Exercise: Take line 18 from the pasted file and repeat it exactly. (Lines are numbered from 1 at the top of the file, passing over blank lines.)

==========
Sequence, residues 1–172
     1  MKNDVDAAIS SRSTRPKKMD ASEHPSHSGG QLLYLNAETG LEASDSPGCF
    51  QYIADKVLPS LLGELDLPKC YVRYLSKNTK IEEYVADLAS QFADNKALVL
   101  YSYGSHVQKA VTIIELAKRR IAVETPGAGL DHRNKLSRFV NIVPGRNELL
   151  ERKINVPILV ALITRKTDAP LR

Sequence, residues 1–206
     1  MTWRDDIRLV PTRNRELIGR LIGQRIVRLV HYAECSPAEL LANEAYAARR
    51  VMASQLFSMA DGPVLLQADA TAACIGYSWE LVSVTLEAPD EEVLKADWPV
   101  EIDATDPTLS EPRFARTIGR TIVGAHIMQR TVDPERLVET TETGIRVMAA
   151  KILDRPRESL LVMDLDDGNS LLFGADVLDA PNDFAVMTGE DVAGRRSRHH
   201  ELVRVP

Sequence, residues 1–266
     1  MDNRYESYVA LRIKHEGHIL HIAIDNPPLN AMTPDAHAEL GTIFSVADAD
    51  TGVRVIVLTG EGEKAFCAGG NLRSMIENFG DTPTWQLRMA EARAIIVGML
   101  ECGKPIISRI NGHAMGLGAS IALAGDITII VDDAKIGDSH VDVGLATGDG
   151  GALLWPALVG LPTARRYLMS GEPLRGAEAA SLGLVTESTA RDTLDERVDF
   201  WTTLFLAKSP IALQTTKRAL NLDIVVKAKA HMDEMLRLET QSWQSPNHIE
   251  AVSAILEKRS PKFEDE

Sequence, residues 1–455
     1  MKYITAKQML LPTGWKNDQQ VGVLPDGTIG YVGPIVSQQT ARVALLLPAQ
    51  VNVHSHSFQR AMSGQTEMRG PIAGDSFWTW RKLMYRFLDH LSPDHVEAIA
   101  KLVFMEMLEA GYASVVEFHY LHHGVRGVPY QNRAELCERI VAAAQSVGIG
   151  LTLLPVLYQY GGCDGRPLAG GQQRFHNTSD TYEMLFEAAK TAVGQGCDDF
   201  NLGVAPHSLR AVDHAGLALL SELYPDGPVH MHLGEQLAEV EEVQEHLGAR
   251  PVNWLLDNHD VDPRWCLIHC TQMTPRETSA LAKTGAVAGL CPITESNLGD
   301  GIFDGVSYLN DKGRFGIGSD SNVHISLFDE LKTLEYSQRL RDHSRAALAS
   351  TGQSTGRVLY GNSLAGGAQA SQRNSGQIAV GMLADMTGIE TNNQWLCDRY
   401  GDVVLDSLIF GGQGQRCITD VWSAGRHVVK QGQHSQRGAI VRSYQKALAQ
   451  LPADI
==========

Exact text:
   251  AVSAILEKRS PKFEDE